OLBs Jason Worilds and James Harrison vs. OTs Michael Oher and Kelechi Osemele
A big part of the reason why the Steelers were able to hold Baltimore to just 200 yards of offense was because of Harrison’s and LaMarr Woodley’s ability to dominate their edges. Harrison had arguably the best game of his 2012 season, dominating Oher and any Ravens TE they (foolishly) put out there to block him.
Even with Woodley out, the Ravens will likely show a few unbalanced formations, bringing in a tackle to block Harrison and try to jump-start a running game that only gained 47 yards on the ground in their 13-10 win in Week 11. In even formations, they’ll run stretches at Worilds, which will require him to again show the improvement he’s shown all season against the run.
CBs Ike Taylor and Keenan Lewis vs. WRs Torrey Smith and Anquan Boldin
The Steelers put Taylor on Boldin in their Week 9 loss to the Ravens in 2011, and Smith tore them up throughout the game. The surging improvement of Lewis gives the Steelers more flexibility, and moving Taylor on Smith yielded great results in their Week 11 meeting.
Smith was held to just one catch – including an outstanding over-the-top pass break-up by Taylor – and the Ravens’ offense failed to score a touchdown. Considering the Ravens have a three-game lead on the division, and the Steelers’ woeful injury status on the offensive side of the ball, the Ravens are likely to make the Steelers’ coverage duo prove their outstanding Week 11 performance. They will throw deep, particularly early, looking to gain a two-score lead – one the Steelers’ offense will struggle to stay with score for score.
RB Jonathan Dwyer vs. Baltimore defensive front seven
Much was made out of Steelers coach Mike Tomlin naming Dwyer the Steelers’ primary running back this week. Dwyer, a restricted free agent in 2013, has clearly been the Steelers’ most productive runner, but sloppy technique and injuries have hindered his progress this season. Considering injuries along the offensive line and to quarterbacks Ben Roethlisberger and Byron Leftwich, the Steelers need to establish the run more in this game than they have in any game the last two seasons. Dwyer must step up and fill the duties of a featured runner if the Steelers will have any chance of winning this game.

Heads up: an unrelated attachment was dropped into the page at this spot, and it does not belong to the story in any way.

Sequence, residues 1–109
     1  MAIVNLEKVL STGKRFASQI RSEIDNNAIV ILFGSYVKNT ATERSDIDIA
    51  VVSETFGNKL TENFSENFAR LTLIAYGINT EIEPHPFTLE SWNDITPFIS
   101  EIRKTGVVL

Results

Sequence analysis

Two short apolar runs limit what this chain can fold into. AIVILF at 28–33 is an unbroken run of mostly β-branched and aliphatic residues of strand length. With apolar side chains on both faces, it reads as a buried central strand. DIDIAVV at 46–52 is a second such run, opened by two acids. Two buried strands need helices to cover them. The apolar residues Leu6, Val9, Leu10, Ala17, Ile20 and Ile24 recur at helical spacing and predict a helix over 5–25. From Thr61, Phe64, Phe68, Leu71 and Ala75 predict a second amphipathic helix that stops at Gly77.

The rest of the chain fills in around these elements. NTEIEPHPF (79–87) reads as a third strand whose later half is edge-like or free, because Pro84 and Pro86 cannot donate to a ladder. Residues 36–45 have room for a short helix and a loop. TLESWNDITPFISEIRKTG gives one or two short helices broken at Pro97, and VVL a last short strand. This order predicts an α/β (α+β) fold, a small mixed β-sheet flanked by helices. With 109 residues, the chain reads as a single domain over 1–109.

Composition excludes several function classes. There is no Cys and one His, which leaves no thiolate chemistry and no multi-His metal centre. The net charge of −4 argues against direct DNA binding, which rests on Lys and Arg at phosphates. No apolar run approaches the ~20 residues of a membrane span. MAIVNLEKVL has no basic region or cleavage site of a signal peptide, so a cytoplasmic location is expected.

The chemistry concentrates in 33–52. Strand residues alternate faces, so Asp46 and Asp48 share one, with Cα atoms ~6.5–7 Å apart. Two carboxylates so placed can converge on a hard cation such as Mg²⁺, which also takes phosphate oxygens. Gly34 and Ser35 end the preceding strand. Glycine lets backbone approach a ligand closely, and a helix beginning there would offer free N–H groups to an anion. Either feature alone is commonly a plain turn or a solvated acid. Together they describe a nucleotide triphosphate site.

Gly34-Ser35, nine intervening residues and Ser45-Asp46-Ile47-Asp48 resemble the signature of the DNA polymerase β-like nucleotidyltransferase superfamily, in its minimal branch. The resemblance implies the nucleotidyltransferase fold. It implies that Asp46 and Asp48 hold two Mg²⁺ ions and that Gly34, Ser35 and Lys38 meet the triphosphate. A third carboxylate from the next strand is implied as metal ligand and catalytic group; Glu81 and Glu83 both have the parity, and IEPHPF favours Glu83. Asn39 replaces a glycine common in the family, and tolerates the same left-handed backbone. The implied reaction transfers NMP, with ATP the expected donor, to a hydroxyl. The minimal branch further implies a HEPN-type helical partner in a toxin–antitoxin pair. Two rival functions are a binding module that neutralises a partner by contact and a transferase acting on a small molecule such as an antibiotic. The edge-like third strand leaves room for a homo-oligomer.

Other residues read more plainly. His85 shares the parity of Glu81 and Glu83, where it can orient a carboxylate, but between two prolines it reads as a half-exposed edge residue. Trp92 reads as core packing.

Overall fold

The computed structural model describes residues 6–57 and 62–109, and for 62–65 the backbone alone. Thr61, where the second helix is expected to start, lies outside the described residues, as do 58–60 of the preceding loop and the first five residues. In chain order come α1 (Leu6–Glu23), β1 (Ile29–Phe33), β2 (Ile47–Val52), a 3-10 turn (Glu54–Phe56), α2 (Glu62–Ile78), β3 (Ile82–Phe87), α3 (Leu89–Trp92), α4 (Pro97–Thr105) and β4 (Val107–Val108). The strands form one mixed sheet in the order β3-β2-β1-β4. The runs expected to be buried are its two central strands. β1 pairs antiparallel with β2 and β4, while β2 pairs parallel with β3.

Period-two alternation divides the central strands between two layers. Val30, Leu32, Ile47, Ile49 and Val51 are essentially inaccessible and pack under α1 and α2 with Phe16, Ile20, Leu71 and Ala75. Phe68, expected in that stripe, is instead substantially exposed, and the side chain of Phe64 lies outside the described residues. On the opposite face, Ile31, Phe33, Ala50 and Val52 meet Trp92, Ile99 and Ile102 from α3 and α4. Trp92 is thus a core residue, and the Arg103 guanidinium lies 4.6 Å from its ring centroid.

The Ravens’ front seven is nowhere near as dominant as it has been in the past, both due to injuries and technique. Missed tackles have plagued them all season, and it’s dropped a perennial top five rushing defense to 26th overall (128.5 yards per game). There hasn’t been much on film to suggest the Steelers can pass effectively enough without Roethlisberger over the last 10 quarters, so expect Baltimore to sell out to stop the run and force as many third and long situations as possible.
P Drew Butler vs. PR Jacoby Jones
Simply put, the Ravens defeated the Steelers in Week 11 because of Jones – the only player in NFL history to return two kicks in the same season for 105 yards or more. His 61-yard punt return score gave the Ravens their only touchdown of the game, giving the Steelers a loss in perhaps their finest defensive performance of the season. Jones, the AFC’s Special Teams Player of the Month in November, has outstanding quickness and speed, but his vision makes him as dangerous as any returner in the game. Butler will likely sacrifice distance for accuracy, as the Steelers’ punt-coverage unit has to contain him and protect field position. Their offense is bland enough that 17 points may be all the Ravens need to pull off the victory, so the Steelers’ defense needs all the help they can get to make the Ravens move down long fields to score.